Year-end Change to Partnership Audit Rules

Partnership Audits - The partnership audit procedures have dramatically changed in favor of the Internal Revenue Service, and amendments to your Operating Agreement or Partnership Agreement are required now.

There is a new party involved in partnership audits on your behalf starting on New Year’s Day 2018.  The old audit regime using the “Tax Matters Partner” (“TMP”), with its retained notice and appeal rights for the partners, is now history for most partnerships, limited partnerships (“LPs”), limited liability partnerships (“LLPs”) and limited liability companies (“LLCs”).  The new party replacing your TMP is your “Partnership Representative” (“PR”), and one must be appointed by you to be effective as of January 1, 2018.  There is a significant difference between the two types of tax representatives, and you must be aware and take appropriate steps to protect yourself as a partner or member (both “partner” in this letter and for tax purposes), as well as understand your obligations and liabilities if you become a PR.

Most of the details regarding the new laws and regulations are of interest to lawyers and accountants, but you need to be aware of the new audit regime which was enacted by the Bipartisan Budget Act of 2015 (“BBA”) and set under a new regulatory structure from the Treasury Department published on June 13, 2017.  It is generally effective on January 1, 2018. 


The New Partnership Representative

The IRS will now look solely to your new PR instead of the former TMP, and notice rights you formerly had regarding the audit process will be held solely by the new PR.  The IRS will work only with the PR in all matters regarding an audit, and your PR will have rights formerly held individually by the partners to take actions - such as to bind the partnership (and all partners) and to appeal a tax underpayment, unless changes are made to your controlling partnership or operating agreement.

Previously, the TMP handled the audit matters with the IRS, but the individual partners retained certain notice rights, appeal rights, the ability to extend statute of limitations, and other rights.  The new PR now holds all of those rights instead of the partners. Moreover, it is possible for the PR, unless otherwise contractually bound to the partners, to receive notice of an audit commencement, manage an audit, enter into a settlement, and have a tax bill issued to the partners where they had no prior notice and no right to appeal.  The PR has the power, in part, to:

  1. Be the sole contact at the partnership for the IRS.
  2. Make all communications with the IRS during the audit and agree to a settlement of the total tax liability of all the partners.
  3. Waive the statute of limitations or other defenses to tax liability for the partnership and all partners.
  4. Determine whether to challenge or contest all or part of a Final Partnership Audit by filing a judicial proceeding.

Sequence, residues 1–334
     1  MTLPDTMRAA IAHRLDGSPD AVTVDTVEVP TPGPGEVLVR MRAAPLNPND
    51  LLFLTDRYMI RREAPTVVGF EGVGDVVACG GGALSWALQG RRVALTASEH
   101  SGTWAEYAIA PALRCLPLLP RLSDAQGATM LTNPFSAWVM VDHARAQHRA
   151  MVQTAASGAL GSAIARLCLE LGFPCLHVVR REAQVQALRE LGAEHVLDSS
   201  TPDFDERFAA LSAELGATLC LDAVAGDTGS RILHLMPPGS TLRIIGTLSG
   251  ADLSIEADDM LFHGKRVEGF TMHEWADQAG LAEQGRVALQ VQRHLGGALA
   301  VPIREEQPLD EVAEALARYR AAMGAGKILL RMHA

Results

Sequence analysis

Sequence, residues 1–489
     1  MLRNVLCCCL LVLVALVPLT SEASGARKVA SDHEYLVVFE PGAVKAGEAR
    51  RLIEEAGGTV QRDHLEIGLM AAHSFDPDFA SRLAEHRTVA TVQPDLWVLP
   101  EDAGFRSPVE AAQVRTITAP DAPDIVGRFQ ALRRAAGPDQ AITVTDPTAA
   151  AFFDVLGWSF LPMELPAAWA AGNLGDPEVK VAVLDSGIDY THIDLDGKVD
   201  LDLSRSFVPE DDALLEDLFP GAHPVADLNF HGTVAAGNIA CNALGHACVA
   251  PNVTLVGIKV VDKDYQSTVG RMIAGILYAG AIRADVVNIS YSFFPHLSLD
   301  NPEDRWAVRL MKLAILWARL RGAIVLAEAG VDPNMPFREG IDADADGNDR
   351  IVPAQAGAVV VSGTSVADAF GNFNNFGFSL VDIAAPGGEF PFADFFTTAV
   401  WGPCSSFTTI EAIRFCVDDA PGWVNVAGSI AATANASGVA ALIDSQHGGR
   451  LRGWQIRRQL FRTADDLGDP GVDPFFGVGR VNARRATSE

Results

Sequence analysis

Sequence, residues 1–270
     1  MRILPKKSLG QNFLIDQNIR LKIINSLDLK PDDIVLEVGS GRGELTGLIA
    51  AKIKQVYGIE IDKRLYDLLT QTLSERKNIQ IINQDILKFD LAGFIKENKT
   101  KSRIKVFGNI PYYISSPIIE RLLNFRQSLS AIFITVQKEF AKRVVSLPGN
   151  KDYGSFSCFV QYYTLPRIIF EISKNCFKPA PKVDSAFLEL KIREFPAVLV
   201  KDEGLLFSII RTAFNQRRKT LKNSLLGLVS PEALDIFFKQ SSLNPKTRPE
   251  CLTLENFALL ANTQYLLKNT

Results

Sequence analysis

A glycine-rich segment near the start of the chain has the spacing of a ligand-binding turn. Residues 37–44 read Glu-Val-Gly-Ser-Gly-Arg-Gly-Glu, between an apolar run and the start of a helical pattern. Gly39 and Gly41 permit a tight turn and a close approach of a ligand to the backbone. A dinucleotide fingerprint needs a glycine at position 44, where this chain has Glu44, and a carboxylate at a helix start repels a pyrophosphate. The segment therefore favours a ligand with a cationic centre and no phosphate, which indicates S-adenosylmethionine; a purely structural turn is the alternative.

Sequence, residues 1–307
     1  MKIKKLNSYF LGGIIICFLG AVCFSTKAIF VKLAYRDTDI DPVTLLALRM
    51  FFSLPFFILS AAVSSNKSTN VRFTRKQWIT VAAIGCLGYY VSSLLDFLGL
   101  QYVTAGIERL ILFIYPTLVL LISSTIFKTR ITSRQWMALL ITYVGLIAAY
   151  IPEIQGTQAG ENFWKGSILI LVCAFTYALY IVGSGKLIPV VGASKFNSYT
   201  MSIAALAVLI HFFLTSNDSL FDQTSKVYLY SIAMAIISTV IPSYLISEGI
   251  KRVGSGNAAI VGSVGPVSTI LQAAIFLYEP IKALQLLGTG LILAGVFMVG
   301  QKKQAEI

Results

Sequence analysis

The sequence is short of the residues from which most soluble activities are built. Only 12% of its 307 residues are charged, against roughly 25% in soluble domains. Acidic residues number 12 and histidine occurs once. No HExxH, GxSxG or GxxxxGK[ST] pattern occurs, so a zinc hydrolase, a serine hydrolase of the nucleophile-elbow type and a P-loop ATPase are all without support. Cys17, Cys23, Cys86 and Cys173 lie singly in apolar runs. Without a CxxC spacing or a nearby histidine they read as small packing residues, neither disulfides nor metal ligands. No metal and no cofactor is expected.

5. Elect out of partnership treatment (if criteria are met).
  6. Enter into a closing agreement with the IRS.
  7. Make elections, once a tax liability is imposed and agreed to by the PR and IRS, to either:
    1. Allocate the tax liability between the partners for the IRS collection activities (a new “push out” power), or
    2. Pay the tax lability on each partner’s share at the partnership level (this is a new concept of actual partnership liability created by the new law).

The PR is allowed to take all these actions without notice to the partners under the new law and regulations, unless the partners enter into other contractual agreements relating to the appointment and authority of the PR before January 1, 2018.

The tax audit will begin in a year called the “audit year” and will cover years at the IRS determination which are called the “review years.”  Without prior agreements in the partnership or operating agreement of the entity, the audit year is the year in which the tax liability is assessed and its then current partners are responsible for payment of all taxes due from all review years, even if they were not partners in those review years.  The tax due resulting from the audit’s “imputed underpayment” (as it is named in the new law) will be charged at the highest rate applicable, which is currently 39.6%.  Thus, this new rule actually creates the potential that a prior long-term capital gain or qualified dividend income event could be taxed at the highest ordinary income rates.  The IRS will not independently take steps to collect against prior partners that left the partnership before the audit year.  Only amendments to your partnership or operating agreement will provide the ability for the PR to send demand notices to partners from the review years for payment of the resulting taxes, penalties and interest.  Prior tax liabilities will follow the partnership and not the partners from the IRS perspective.  This also creates a tax risk to consider when acquiring interests in existing partnerships.